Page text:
Reservist

ISS2 2017

Reservist Magazine is the award-winning official publication of the United States Coast Guard Reserve. Quarterly issues include news and feature articles about the men and women who comprise America's premier national maritime safety and security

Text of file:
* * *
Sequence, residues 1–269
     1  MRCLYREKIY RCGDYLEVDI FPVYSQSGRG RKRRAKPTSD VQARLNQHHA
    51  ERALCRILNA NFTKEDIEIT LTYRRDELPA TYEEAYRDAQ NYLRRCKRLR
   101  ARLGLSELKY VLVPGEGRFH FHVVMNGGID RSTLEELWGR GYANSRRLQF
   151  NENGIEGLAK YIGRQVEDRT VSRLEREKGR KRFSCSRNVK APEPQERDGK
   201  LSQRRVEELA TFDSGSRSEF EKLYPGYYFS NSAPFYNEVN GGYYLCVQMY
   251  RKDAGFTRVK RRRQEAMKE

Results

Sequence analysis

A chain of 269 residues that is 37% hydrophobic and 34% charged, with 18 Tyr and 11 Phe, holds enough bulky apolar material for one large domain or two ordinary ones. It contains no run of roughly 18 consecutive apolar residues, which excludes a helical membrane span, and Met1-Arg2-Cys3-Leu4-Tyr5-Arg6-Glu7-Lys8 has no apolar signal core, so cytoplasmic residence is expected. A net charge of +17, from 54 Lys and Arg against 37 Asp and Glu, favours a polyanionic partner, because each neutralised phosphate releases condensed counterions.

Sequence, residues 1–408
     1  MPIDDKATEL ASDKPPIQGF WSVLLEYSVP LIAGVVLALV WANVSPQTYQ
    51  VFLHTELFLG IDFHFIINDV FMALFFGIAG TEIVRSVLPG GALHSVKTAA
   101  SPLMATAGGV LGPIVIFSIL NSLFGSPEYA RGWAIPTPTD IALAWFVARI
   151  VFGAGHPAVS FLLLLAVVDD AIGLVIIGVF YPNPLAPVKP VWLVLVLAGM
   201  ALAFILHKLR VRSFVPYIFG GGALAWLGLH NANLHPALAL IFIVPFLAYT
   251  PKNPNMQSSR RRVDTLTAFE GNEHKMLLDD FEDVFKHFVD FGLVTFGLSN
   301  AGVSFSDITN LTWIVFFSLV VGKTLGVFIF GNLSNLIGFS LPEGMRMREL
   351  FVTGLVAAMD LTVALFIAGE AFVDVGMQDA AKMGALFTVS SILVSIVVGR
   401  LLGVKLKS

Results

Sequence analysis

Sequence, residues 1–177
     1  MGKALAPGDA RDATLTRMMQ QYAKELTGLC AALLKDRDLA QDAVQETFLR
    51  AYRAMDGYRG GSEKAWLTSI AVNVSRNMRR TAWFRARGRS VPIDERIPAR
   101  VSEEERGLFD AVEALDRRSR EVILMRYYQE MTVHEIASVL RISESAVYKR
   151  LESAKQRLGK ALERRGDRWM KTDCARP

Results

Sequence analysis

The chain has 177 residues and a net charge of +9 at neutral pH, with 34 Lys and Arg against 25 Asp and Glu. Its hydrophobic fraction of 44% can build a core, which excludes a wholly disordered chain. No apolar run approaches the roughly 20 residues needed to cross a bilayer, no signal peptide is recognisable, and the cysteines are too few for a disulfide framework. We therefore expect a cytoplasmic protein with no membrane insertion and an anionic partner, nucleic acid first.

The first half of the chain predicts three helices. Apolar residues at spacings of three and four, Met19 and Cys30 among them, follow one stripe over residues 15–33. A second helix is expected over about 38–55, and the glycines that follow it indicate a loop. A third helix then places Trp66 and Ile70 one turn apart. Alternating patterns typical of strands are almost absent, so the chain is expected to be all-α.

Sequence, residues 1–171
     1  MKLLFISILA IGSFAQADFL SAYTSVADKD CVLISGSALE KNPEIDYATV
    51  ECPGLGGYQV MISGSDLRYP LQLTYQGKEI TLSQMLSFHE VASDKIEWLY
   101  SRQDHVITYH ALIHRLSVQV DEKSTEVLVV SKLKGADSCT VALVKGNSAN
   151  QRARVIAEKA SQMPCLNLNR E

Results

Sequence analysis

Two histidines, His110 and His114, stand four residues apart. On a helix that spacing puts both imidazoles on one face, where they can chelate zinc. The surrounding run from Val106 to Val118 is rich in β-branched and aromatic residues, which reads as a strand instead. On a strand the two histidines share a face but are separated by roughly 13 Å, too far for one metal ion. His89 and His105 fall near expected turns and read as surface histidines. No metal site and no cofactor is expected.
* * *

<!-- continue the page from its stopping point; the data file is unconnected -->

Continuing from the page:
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While the VTU program was a start, Handy knew more formal training was needed, along with the enlisted billets to support. At the end of April 1949, Handy and two other reservists were called to active duty for a few weeks to flesh out the idea for a real training program, which would incorporate the VTUs into port security efforts. One of the reservists, Lt. Cmdr. Malcolm McGuire, was from Seattle, and upon his return, McGuire sought support from his Washington State senator. Sen. Harry P. Cain agreed to support an amendment to secure funding for the Reserve training program and Handy pitched in to help. Handy and Cain's letters slowly traveled back and forth across the country as the young lieutenant prepped Cain for his upcoming statement to the Senate Subcommittee on Appropriations, including written support from the Navy for the Coast Guard's port security mission and references to a 1947 (Congressionally-directed) survey recommending upkeep of a Coast Guard Reserve for the port security mission. Using Handy's materials, Cain fervently defended the Coast Guard's mission, purpose, and importance. Unfortunately, the request for $1 million to jump start the training program was still denied – especially frustrating given the fact it was a mere fraction compared to the other armed services' combined requested (and approved) Reserve appropriation figure of more than $813 million. The Importance of Networking Handy occasionally visited "the Coast Guard Building" on Pennsylvania Ave. and 13th Street in downtown Washington, D.C. (The location of Coast Guard headquarters was ever-changing over the last half of the twentieth century as departments were shuffled due to administration changes over the years.) While there, he met "Lt. Cmdr George Downing, D-O-W-N-I-N-G, he was from a New England wealthy socialite family who believed in having a lot of social contacts." Downing called Handy aside and suggested that what the Reserve really needed was an organization to promote itself. "He suggested that I form a chapter of the Reserve Officers Association [ROA]," said Handy. He obtained the Reserve officers' names and addresses from Coast Guard Headquarters, and sent them a letter informing them of the intent to form an ROA chapter to fight for a Reserve appropriation. Three hundred officers signed up. Though the first ROA charter was granted in 1949 to the DC chapter, Handy eventually broke the membership into smaller, more manageable chapters nationwide. "The first thing we had to do after setting up the Washington chapter was cultivate political contacts in the House, the Senate and the Treasury," said Handy. "So, strategically, instead of just accepting the [new] charter from the ROA, we planned a 'charter presentation' dinner." We're almost three hours into the interview before Handy's niece Theresa is able to convince him to stop long enough to eat half a sliced chicken sandwich. His thoughts continue shortly after , and presses on as we munch our own sandwiches and listen raptly. Jeff and I are shaking our heads at how clever and well-thought out this 1949 lieutenant version of Captain Handy is. The charter presentation dinner, held in October 1949, would be the first of several held at the Officers' Club in the Naval Gun Factory near what is referred to today as the Navy Yard in Washington. Handy invited Reserve and active duty officers [or 'regulars' as he called them], Secretaries and executives of the Departments of Defense and Treasury, and anyone else with any clout who might be able to speak on the Coast Guard's behalf. "The main problem we had in Congress…was 99 percent of the people didn't know anything about the port security program, or even the Coast Guard itself," said Handy. Each VIP was tactically assigned a chapter member as a host or hostess to" provide introductions and liquid refreshments". The objective of the dinner was to demonstrate support for the Reserve "all the way to the top." He purposely coordinated his requests for guest speakers at the dinner to show support for the Reserve and "grind down opposition" in future appropriation attempts. A sit-down interview with Capt. Walter K. Handy, USCGR (Ret.) during which he discusses the stand up of the Coast Guard's Washington Chapter of the ROA as well as how the change of the Coast Guard's parent organization from the Dept. of Treasury to the Dept. of Trasnportation greatly impacted his ability to train and his decision to stay in the Reserve. 22 RESERVIST � Issue 2 • 2017

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